Linwood Boulevard was an up and coming neighborhood in the early 20th Century. It formed in the late 1800s which a few established apartment buildings, filling vacant lots, and quickly grew as the first World War arrive. The blocks of Linwood, from Campbell to Troost began simply. In 1895, there was nothing but a few multi-family units, a Methodist Episcopal Church, and a Springfield Avenue Christian Church. Within a decade, Sanborn maps show the neighborhood found mixed-use function, and began to thrive. By 1925, the neighborhood filled with occupants such as Anthenaeum Club Building, Berkshire Arms Apartment Hotel, Cornell Apartments, LaSalle Apartment Hotel, Thornton and Minor Hospital, United States Post Office Station “E”, Wirthman Building, Isis Theatre.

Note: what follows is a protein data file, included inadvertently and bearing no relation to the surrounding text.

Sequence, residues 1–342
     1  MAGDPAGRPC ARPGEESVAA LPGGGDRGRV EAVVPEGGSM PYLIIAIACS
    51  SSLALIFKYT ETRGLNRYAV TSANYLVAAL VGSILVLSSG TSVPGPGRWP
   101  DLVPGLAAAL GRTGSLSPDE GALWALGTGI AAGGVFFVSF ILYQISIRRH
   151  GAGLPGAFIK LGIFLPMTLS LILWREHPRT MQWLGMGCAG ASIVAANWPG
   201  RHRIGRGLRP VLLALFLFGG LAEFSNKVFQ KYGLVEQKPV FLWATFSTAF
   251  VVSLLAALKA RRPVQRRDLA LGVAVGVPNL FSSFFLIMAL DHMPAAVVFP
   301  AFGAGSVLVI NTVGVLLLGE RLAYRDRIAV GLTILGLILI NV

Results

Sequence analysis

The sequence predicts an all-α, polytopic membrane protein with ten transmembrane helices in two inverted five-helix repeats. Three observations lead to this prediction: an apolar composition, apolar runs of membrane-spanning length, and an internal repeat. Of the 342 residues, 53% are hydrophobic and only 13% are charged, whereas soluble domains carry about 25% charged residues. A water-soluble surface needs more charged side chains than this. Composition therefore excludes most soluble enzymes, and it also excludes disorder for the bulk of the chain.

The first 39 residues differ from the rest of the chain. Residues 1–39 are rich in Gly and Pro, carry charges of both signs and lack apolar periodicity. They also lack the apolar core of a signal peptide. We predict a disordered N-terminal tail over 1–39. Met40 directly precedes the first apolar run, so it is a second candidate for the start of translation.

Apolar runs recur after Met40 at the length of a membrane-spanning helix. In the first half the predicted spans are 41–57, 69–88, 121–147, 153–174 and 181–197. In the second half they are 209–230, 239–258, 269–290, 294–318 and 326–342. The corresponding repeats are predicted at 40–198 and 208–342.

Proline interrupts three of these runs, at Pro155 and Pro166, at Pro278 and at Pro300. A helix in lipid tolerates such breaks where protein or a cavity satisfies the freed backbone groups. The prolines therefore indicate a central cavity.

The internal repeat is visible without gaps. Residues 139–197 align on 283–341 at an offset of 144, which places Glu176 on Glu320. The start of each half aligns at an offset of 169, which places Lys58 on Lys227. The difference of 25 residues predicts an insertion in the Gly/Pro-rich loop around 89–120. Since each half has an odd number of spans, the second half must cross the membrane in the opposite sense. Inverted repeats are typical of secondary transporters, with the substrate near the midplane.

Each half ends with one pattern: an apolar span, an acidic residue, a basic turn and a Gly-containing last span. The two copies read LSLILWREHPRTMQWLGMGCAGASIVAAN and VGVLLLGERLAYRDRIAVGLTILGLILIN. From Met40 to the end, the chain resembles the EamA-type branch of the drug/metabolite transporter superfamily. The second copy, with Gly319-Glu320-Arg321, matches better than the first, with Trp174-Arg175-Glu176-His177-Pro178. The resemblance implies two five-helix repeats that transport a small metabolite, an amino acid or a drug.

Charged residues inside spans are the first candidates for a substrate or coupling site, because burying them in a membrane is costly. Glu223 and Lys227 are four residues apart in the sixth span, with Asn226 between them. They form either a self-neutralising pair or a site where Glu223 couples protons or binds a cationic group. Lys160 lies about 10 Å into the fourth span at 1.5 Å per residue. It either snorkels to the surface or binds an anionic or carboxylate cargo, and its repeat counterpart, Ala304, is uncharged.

After the 1950s, the neighborhood went quickly in decline. Crime rates skyrocketed, white flight took shape, and businesses fled. Today, the neighborhood looks nothing like the thriving downtown suburbia that was the idyllic dream of 1925. The small block is still mixed use, but occupied by a Family Dollar Store, a Sinclair Gas Station, empty lots, apartment homes, and the Anthenaeum, which holds historical significance for the community.